The Council of Safety ordered Col. William Moultrie to develop new signals to be used for the lighthouse at Morris Island, at Ft. Sullivan and Ft. Johnson to warn of the approach of British naval vessels.
As part of the defenses of the city, a fleet of twenty ships were sunk in Maffit’s Channel off the Isle of Palms.
Abner Doubleday, who DID NOT invent baseball, died. However, Doubleday DID fire the first shot of the War in defense of the Union at Ft. Sumter, April 12, 1861.
The whole “invented baseball” thing is typical of lazy history. In 1908, fifteen years after his death, Doubleday was declared by the Mills Commission to have invented the game of baseball (a claim never made by Doubleday during his lifetime). While the modern rules of baseball were formulated in New York during the 1840s, it was the scattering of New Yorkers exposed to these rules throughout the country, that spread not only baseball, but also the “New York Rules”, thereby harmonizing the rules, and being a catalyst for its growth. Doubleday was a high-ranking officer, whose duties included seeing to provisions for the US Army fighting throughout the south and border states. For the morale of the men, he is said to have provisioned balls and bats for the men, hence his connection to spreading baseball across the country.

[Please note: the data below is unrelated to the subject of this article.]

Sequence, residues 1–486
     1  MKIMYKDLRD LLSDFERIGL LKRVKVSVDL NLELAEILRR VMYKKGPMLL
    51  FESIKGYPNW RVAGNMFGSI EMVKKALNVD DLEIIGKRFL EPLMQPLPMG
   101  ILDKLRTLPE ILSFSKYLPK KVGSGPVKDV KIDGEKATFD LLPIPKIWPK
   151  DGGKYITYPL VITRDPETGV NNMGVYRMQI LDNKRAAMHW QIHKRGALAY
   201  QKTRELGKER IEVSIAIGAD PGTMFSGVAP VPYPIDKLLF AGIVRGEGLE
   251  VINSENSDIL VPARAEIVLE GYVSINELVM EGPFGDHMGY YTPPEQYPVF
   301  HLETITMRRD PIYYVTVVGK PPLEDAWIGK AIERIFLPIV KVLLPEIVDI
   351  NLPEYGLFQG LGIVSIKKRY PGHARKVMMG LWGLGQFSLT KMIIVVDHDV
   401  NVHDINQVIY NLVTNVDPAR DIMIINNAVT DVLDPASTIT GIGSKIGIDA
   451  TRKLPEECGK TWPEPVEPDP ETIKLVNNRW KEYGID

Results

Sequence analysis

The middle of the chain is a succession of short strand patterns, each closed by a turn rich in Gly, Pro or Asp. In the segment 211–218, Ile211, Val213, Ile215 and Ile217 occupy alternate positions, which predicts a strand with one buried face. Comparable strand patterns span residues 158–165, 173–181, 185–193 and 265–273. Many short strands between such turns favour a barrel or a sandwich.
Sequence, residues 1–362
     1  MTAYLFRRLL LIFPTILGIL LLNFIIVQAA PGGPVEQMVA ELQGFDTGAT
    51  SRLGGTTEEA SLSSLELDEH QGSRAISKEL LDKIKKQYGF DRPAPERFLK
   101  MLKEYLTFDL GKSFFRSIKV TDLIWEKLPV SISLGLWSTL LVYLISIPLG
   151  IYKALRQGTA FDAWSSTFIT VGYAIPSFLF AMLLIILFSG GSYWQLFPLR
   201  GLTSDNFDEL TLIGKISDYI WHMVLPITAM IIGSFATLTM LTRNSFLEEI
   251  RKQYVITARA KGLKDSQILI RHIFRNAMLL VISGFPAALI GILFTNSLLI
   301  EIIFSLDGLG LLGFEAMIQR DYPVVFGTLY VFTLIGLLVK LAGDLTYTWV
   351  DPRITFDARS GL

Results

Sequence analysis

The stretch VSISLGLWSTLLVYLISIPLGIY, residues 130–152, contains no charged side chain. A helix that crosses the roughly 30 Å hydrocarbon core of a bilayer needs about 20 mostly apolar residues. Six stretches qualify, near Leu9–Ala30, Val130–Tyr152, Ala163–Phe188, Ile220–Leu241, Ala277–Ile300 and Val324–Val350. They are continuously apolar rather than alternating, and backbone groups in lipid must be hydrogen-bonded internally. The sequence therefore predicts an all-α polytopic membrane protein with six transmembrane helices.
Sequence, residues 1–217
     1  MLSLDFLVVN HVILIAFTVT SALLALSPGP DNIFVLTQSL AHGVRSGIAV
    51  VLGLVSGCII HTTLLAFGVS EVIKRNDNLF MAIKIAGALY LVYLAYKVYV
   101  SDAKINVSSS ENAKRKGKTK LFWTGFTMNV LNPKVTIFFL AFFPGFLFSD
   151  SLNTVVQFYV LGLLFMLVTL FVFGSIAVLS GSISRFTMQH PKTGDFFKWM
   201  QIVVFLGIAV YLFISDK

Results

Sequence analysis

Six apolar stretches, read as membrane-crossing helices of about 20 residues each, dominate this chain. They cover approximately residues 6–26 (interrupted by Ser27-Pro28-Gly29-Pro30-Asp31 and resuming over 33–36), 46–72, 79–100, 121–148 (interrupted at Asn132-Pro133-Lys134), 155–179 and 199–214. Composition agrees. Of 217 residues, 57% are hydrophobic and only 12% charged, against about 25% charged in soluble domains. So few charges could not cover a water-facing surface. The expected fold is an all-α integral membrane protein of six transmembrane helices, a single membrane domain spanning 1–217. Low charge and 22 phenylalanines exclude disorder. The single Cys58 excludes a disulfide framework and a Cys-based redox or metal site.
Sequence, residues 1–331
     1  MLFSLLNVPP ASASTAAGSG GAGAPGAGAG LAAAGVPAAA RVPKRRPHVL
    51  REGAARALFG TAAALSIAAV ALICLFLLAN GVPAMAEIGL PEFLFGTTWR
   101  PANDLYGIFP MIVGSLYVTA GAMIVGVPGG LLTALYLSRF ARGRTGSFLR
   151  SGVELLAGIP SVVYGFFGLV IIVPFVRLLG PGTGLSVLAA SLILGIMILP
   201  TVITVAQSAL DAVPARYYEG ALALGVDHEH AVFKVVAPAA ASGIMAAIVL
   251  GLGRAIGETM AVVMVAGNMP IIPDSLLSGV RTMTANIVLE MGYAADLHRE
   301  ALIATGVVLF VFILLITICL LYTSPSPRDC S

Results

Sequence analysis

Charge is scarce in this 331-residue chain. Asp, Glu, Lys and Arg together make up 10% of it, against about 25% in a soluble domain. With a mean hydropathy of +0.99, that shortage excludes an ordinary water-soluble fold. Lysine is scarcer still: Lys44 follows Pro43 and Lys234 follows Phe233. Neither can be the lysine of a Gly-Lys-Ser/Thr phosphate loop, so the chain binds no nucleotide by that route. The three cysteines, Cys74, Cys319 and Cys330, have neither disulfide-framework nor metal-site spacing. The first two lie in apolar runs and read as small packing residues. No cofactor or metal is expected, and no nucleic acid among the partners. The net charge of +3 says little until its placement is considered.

When I mention Doubleday’s connection to Ft. Sumter on tour, someone always says, “He invented baseball.” When I tell them, “No, he didn’t” you’d think I just insulted their mother. If they persist the argument I ask, “Do you also think George Washington never told a lie?”
1911. Hampton Memorial
Louisa Smythe wrote to Mayor Robert Goodwyn Rhett:
The Daughters raised $2000 for the monument, which was ultimately erected in Marion Square.
Hampton, of course, is Wade Hampton III. Born in Charleston, into one of the most prominent families in South Carolina, Hampton became one of the wealthiest men in the South. When South Carolina seceded, Hampton formed his own calvary unit and served across the South throughout the War. After the War, near the end of the Reconstruction, he was elected 77th Governor of South Carolina, serving 1876-1879, and later was elected as a U.S. Senator.
His election as governor was marked by extensive violence by the Red Shirts, a paramilitary group that served the Democratic Party to work to disrupt elections and suppress black voting in the state. They contributed to the Democrats regaining control of the state government.